Polls close in polarising Costa Rica presidential election

Supporters of Carlos Alvarado Quesada, presidential candidate of the ruling Citizens' Action Party (PAC), react during the presidential election in San Jose, Costa Rica, April 1, 2018. — Reuters pic
Supporters of Carlos Alvarado Quesada, presidential candidate of the ruling Citizens' Action Party (PAC), react during the presidential election in San Jose, Costa Rica, April 1, 2018. — Reuters pic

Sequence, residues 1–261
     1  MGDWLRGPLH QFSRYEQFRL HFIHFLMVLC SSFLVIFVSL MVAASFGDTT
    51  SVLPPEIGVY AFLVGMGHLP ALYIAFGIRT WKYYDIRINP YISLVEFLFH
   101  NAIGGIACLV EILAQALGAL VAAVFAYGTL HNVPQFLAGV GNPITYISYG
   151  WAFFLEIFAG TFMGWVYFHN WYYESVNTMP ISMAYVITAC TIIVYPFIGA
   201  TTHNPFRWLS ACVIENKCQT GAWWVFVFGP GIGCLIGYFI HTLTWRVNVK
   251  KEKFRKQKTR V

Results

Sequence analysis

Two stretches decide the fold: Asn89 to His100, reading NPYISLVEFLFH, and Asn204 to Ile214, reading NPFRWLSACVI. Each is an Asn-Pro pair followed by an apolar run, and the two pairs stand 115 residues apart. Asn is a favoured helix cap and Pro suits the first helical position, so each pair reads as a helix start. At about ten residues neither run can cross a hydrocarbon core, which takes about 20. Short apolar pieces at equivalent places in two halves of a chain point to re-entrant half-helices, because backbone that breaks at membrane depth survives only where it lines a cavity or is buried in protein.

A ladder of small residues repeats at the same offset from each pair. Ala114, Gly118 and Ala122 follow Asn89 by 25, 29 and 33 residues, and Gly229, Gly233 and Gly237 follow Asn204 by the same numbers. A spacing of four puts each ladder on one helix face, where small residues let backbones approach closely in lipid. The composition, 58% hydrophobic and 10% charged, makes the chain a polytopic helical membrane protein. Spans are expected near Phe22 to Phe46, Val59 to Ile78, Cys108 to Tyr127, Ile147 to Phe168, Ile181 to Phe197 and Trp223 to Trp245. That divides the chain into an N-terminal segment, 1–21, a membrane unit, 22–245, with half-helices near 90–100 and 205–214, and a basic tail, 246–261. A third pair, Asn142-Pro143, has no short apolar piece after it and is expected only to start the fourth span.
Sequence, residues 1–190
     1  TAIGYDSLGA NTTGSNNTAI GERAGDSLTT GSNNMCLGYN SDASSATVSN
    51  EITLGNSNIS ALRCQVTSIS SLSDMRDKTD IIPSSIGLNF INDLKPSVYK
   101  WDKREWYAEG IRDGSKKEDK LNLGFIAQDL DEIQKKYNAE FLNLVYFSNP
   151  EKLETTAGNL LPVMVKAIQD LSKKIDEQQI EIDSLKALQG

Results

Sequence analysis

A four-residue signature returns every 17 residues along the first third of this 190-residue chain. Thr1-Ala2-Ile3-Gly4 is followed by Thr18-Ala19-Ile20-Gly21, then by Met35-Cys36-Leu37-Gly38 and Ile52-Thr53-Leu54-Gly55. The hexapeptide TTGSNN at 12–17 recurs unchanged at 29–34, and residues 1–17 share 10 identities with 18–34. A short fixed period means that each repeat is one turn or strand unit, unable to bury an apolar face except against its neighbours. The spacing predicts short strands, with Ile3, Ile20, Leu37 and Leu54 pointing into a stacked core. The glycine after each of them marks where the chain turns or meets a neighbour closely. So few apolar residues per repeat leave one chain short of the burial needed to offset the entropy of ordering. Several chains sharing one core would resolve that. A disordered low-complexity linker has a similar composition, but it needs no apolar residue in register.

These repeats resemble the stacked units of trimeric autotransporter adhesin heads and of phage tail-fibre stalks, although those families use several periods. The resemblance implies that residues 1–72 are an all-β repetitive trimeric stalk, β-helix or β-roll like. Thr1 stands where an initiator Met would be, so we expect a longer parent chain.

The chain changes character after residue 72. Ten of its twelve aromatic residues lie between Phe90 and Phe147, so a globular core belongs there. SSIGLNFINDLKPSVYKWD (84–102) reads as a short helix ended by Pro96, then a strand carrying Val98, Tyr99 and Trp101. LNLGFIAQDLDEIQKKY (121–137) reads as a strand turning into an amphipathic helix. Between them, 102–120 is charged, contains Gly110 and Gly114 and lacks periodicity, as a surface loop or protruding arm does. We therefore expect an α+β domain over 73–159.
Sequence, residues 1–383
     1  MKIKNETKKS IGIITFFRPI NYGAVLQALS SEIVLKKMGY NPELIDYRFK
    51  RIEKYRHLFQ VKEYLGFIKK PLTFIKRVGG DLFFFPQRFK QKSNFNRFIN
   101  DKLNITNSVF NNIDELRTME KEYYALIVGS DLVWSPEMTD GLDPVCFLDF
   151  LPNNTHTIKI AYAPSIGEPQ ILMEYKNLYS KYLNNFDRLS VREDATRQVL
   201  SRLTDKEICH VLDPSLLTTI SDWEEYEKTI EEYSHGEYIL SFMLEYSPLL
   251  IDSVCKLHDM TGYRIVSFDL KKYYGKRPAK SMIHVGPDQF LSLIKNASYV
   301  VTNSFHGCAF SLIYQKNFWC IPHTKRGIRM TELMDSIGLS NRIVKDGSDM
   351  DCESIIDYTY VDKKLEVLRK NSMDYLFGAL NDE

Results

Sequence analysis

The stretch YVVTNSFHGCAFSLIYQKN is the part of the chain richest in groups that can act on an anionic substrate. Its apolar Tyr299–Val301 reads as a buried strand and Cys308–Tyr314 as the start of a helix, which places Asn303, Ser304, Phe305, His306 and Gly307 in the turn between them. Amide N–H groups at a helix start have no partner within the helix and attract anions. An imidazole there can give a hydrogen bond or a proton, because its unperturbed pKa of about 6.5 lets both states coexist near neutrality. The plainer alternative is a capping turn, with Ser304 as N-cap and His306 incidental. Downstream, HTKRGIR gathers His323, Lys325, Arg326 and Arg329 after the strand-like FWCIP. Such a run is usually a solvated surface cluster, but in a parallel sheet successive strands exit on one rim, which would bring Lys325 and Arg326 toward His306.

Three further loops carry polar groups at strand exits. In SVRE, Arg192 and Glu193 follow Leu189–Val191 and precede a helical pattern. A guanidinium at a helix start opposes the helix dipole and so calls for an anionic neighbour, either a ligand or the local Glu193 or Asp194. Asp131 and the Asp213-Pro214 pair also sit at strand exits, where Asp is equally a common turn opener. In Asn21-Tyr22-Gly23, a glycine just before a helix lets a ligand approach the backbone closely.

SAN JOSE, April 2 — Polling stations across Costa Rica closed this morning after a run-off election that split much of the country between the two candidates: an ultra-conservative evangelical preacher and an ex-minister from the center-left ruling party.

The result will decide who rules the small Central American nation of five million people for the next four years.

Pre-vote surveys suggested a neck-and-neck race between Fabricio Alvarado, a right-wing 43-year-old preacher, journalist and singer, and Carlos Alvarado (no relation), a 38-year-old former journalist who was a labor minister in the outgoing government. — AFP

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